“The Teach-in is intended for the purpose of mutual education among students, faculty and staff of the GVSU community and intended to address topics related to inequality and systems of oppression, as well as social justice and liberation. Recognizing the multi-faceted dimensions of these topics, this Teach-in will be a daylong event. The learning objectives of Power, Privilege, and Difficult Dialogues are to raise awareness, inform, create dialogue, and document suggestions for action.”
My co-facilitated workshop descriptions are as follows:
Students’ Rights to Their Own Language: Implications for SWS and the FMCWAMA
“This session will ask hard questions about the dominance of “Standard Written English” on campus. Is it the “Language of Wider Communication” or, as Alim & Smitherman (2012) call it, the “Language of Whiter Communication”?
We will review statements by professional associations that affirm students’ rights to their own languages and that advise educators to recognize the rule-governed nature and cultural value of multiple dialects. We will take a look at the SWS and Writing Center strategic plans, both of which affirm the legitimacy of African American language systems and celebrate multilingualism.
We will together discuss how the university’s commitment to being inclusive can extend to the treatment of students’ home and community languages. Wrestling with the fact that Edited Academic Written English is the language of power in certain circles, we will brainstorm ways that all students can learn to wield this power, without neglecting to integrate their learning into the dialects that students may need to transform their lives, their professions, and the communities that matter to them.”
Dialogue, Social Identity, and Social Change
“This session will use dialogue methods to engage participants in small and large conversations about social identity, power, and privilege. The opening will teach briefly techniques for effective dialogue. There will be a brief discussion and paired dialogue about what social identities are, how we experience them, and their connection to social institutions and systems.
We will then break up the larger workshop into smaller stations at various points around the room to discuss “hot topics” related to social identities. The student, staff, and faculty facilitators will be at each station to promote effective dialogue, affirming inquiry, and reflective listening.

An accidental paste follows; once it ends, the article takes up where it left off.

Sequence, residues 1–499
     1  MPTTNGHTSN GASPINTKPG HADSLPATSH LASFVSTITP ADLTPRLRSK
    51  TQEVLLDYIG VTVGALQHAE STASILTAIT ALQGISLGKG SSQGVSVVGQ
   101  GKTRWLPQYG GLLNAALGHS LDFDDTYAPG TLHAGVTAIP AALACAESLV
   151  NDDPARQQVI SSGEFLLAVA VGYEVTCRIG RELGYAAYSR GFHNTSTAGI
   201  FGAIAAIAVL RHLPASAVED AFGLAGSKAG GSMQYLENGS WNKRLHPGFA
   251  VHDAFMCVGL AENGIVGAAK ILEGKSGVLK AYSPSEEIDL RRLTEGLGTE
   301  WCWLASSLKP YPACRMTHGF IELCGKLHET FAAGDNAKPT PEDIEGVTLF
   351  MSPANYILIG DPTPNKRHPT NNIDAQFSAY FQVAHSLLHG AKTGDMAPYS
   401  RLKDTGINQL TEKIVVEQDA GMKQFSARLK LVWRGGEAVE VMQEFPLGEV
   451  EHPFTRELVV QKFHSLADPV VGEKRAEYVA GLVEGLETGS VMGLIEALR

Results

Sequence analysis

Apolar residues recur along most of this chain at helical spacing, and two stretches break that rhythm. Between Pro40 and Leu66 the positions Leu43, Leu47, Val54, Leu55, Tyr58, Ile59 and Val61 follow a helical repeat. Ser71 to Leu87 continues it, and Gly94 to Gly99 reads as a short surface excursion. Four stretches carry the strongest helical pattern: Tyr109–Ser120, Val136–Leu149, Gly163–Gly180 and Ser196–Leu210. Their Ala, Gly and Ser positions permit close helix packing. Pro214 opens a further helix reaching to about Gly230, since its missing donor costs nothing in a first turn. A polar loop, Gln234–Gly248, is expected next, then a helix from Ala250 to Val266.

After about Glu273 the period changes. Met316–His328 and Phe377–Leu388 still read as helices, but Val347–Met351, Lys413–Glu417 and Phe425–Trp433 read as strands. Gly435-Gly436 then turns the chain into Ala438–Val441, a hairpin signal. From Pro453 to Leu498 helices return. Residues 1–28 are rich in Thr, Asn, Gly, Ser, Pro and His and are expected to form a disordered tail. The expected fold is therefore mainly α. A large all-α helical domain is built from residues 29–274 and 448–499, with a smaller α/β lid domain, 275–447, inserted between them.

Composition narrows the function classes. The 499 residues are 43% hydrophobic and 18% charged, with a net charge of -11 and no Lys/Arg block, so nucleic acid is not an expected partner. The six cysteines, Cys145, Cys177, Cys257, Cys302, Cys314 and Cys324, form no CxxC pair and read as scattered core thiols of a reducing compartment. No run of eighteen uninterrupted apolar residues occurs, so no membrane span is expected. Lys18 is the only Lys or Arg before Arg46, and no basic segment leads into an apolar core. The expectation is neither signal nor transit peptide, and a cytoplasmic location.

The objectives for this session will be to allow students to engage in practices related to intergroup dialogue, to be able to define and identify the concept of social identity and the intersections of social identities in their lives, and to participate in dialogues on the connections of social identity to power and social systems.”
Identity Impact: Sharing Stories About The Effect of Identity
“Every person holds multiple identities that impact and shape their experiences. Some of those identities include gender, race, sexual orientation, ability, and body type. While some identities may be more salient to oneself than others, all identities affect how we experience the world around us. Through an interactive activity, participants will reflect on how social identities have impacted them. This activity aims to create meaningful dialogue and self-reflection around lived experiences of oppression and privilege.”
There will be 64 workshops this year facilitated with the collaboration of students, faculty, staff, and community members. Visit the Teach-In webpage to find more information, including the descriptions of all of the remaining workshops.
From Aspiring Humanitarian, Relando Thompkins-Jones, MSW, LLMSW